We know from the beginning of “Home Fire” that 19-year-old Aneeka’s beloved twin brother Parvaiz has left London to join the media arm of Daesh. Devastated, she directs her anger toward their older sister Isma for reporting his location to the police.
Living in Wembley, home to one of London’s largest Muslim communities, Isma has stood in as a parent to the twins since her mother’s death. Their father, a jihadist who died en route to Guantanamo after being tortured in Afghanistan’s notorious Bagram prison, is the link that draws Daesh recruiters to Parvaiz.
Hinging on the pressures of being a Muslim in London, Kamila Shamsie’s seventh novel navigates the competing demands of community, family and faith in a twist on the tale of “Antigone,” Sophocles’ classic tragedy about a teenage girl who defies her uncle the king to give her traitor brother a respectable burial.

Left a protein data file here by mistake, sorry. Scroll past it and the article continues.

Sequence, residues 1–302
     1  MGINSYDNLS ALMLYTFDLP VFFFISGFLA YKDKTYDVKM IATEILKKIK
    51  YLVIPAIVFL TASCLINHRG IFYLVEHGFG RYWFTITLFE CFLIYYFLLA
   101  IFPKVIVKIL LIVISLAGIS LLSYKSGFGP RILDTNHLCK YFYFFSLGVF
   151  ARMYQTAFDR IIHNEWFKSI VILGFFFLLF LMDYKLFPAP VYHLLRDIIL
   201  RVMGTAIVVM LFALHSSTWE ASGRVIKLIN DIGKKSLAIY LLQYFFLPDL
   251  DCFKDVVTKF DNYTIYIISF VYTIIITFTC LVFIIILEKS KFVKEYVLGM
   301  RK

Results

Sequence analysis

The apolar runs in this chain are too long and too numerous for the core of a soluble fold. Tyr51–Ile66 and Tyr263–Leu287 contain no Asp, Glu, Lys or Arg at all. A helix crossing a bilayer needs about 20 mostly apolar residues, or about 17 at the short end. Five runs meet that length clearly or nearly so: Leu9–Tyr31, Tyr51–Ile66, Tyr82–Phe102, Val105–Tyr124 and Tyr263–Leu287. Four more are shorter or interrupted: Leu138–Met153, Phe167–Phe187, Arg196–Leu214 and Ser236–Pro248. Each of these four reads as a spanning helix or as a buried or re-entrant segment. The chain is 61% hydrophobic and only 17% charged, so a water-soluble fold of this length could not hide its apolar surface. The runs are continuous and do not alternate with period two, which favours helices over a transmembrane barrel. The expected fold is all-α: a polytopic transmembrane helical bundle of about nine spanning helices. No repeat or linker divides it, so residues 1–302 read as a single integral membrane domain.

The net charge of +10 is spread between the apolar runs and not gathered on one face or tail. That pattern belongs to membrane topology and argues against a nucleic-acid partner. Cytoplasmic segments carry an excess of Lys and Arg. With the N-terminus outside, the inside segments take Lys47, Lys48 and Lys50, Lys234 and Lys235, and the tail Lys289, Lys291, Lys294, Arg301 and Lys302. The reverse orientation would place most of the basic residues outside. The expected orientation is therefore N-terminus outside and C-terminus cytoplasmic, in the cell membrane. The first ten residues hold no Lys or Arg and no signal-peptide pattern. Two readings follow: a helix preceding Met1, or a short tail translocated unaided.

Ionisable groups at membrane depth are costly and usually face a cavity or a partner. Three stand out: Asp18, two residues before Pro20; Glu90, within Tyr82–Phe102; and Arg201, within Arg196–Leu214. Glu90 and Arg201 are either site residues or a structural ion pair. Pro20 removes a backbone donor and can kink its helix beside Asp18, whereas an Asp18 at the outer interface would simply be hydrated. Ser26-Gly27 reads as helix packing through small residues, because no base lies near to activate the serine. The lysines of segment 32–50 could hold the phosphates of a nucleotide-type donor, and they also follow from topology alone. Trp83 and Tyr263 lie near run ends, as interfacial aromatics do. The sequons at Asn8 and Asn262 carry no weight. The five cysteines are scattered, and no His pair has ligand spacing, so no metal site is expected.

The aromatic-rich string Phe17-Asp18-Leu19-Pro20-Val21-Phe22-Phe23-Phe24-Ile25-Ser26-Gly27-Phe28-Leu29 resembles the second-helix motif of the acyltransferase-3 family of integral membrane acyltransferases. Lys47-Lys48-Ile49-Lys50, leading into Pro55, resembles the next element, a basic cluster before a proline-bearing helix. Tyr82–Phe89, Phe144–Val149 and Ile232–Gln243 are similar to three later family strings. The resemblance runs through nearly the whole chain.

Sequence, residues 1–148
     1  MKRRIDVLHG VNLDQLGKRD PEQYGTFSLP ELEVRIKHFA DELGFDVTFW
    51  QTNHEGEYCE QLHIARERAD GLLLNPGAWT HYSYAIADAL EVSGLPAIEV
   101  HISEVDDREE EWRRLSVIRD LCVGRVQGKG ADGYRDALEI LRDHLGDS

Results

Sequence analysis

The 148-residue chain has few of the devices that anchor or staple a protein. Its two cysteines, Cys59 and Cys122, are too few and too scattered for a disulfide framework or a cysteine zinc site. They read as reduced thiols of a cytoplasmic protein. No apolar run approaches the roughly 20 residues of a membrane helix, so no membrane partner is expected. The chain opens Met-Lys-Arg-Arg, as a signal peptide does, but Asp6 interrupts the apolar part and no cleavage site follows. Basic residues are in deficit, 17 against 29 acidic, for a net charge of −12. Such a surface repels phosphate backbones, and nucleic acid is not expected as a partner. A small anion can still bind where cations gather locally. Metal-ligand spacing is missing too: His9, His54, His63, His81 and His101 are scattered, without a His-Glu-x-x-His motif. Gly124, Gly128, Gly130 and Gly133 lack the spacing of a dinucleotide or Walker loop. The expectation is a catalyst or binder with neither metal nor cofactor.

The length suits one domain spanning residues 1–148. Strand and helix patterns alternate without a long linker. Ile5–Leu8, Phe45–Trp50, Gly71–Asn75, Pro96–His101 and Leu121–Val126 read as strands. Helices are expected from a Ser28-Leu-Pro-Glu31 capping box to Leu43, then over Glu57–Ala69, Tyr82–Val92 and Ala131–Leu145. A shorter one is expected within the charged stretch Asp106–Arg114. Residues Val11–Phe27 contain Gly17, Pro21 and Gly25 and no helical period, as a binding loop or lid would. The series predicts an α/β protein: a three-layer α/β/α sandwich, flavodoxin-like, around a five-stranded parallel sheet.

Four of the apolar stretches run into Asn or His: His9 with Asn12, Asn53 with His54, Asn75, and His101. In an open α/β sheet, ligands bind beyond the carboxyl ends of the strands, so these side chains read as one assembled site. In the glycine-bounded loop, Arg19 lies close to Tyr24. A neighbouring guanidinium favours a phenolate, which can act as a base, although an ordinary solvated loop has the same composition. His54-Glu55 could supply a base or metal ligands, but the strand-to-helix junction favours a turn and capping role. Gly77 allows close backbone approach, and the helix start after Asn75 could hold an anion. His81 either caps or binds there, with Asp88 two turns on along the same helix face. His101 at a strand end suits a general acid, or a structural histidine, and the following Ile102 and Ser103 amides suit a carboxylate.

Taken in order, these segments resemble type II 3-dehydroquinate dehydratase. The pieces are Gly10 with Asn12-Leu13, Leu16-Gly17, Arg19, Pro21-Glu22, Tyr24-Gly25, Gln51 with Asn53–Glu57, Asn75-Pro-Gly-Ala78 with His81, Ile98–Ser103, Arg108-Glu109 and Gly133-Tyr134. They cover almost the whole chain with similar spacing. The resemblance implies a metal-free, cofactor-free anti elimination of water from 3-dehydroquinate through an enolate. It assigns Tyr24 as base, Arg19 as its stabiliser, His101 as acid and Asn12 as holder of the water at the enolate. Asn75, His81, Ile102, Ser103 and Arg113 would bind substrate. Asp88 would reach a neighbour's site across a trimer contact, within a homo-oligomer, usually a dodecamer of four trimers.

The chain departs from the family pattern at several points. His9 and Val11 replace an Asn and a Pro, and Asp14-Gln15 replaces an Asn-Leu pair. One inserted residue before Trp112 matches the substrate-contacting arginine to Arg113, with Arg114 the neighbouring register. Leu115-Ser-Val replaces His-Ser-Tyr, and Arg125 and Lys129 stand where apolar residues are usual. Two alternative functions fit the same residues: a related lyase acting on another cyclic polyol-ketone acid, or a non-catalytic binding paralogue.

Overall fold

Aneeka is determined to help Parvaiz find a way back and strikes up a relationship with Eamonn, son of British-Asian Home Secretary Karamat Lone, a controversial figure in the UK’s Muslim community.
Poised between the drama of its roots in Greek tragedy and moral dilemmas anchored in the modern day, “Home Fire” raises uncomfortable questions played out by the headstrong Aneeka as she spins a web to secure her brother’s freedom.